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Clean Power 131002_third_quarter_solar_pv_installations_reach_record_high

Published on October 14th, 2013 | by Adam Johnston

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Third Quarter 2013 Solar PV Installations Reach 9 GW

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October 14th, 2013 by
 
Third quarter global solar installations in 2013 reached 9 GW, according to a recent report. NPD Solarbuzz Quarterly said demand increased 6% compared to the second quarter, while advancing 20% above a year earlier.

131002_third_quarter_solar_pv_installations_reach_record_high

Image Credit: Solar PV End Market via NPD Solarbuzz

Price stabilization provided some underlying support in the third quarter, analysts said. “The record levels of mid-year demand in 2013 have been critical to the overall recovery of the solar PV sector,” said NPD Solarbuzz senior analyst Michael Barker. “Restored confidence in end-market growth is allowing leading solar PV manufacturers to pursue aggressive shipment strategies within both established and emerging territories, despite earlier concerns that trade wars could dampen growth.”

Fourth quarter PV demand is expected to remain strong, reaching between 10-12 GW. China and the US will take half of the further gains, the report noted.

Revenues for solar PV end markets are targeted for $21 billion in the last quarter of 2013, and $65-$75 billion by year’s end. That compares to $68 billion in 2012 and $92 billion two years ago, when system prices were higher.

NPD Solarbuzz is the first report to come out about third quarter PV installation numbers. IHS still has not released for this period. However, it did recently report 2013 second quarter global solar installations were 8.5 GW, up from 7.1 GW in the first.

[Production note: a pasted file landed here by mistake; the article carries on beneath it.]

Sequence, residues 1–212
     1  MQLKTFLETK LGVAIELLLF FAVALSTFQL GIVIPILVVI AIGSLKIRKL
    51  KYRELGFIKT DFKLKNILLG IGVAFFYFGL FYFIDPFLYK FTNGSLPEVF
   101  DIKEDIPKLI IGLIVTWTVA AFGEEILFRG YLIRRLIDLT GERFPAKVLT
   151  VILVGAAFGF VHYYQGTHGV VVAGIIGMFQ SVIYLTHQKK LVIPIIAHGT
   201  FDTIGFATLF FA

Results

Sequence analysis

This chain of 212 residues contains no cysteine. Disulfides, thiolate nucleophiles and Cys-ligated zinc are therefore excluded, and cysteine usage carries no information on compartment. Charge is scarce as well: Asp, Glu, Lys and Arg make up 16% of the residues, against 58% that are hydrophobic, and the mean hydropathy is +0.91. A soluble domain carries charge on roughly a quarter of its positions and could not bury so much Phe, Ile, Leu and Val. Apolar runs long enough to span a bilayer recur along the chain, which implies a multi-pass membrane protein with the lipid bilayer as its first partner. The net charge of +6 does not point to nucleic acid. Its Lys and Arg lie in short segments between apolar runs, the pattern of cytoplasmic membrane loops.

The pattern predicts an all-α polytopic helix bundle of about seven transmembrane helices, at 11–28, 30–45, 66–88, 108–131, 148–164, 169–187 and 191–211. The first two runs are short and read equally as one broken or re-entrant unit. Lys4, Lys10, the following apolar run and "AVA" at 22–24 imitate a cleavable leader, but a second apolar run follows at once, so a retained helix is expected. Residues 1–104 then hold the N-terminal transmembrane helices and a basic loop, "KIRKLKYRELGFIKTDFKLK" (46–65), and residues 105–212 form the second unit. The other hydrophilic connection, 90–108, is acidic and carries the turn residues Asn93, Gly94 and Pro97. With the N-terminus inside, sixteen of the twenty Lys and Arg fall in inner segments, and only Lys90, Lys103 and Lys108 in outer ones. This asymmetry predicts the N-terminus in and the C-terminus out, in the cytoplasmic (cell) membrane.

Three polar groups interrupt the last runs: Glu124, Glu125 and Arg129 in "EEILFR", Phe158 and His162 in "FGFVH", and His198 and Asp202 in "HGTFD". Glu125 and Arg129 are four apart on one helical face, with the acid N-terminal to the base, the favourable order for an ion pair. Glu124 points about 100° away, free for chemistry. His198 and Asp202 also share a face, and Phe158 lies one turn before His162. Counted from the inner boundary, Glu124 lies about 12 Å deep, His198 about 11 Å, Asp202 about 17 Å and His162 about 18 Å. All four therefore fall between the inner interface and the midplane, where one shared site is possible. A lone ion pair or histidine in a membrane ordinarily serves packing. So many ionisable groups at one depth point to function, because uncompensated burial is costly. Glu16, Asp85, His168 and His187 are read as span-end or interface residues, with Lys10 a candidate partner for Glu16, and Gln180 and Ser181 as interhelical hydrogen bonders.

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About the Author

is a University of Winnipeg graduate who received a three-year B.A. with a combined major in Economics and Rhetoric, Writing & Communications. Adam is currently attempting to become a freelance social media coordinator. His eventual goal is to be a cleantech policy analyst, and is currently sharpening his skills as a renewable energy writer. Adam is also working on a book on cleantech and how to relate it to a broader audience. You can follow him on Twitter @adamjohnstonwpg or at www.adammjohnston.wordpress.com.



  • Adam Grant

    Right now, while renewables are only somewhat cheaper than fossil fuels, we’re seeing new renewable generation replacing old fossil capacity as fossil plants get old and pollution regulations tighten.
    As renewables continue to get cheaper and make up a larger fraction of the energy mix, energy as a whole will gradually become cheaper, which should pull the world economy out of its current slow growth mode. From an economic point of view, the sources of energy are less important than that the energy pie, which has remained about the same size since 2005, will once again start to get larger.
    Note that although the volume of fossil fuels pulled out of the ground has continued to increase over the last decade, the energy content has decreased, so the amount of energy available to do work for humanity hasn’t increased much, and the second derivative of total fossil energy is strongly negative, even if the total is still increasing.
    At the moment it’s difficult to say which of decreasing fossil EROEI or the increasing rate of renewable installation are winning, although the sheer vastness of the planet’s solar and wind resources should eventually underpin a period of fast economic growth.
    How soon? Renewables may already have pulled the world economy back from the brink of destruction.

  • JamesWimberley

    2012 was experienced by the industry as a glut/slump, even though global installations rose. But if you look at the chart, it´s clear that 2011 was the outlier, a spike above trend. The four-year trend from 2010 is quite steady and rapid growth. I dare say it would be the same if you extended the series back a decade.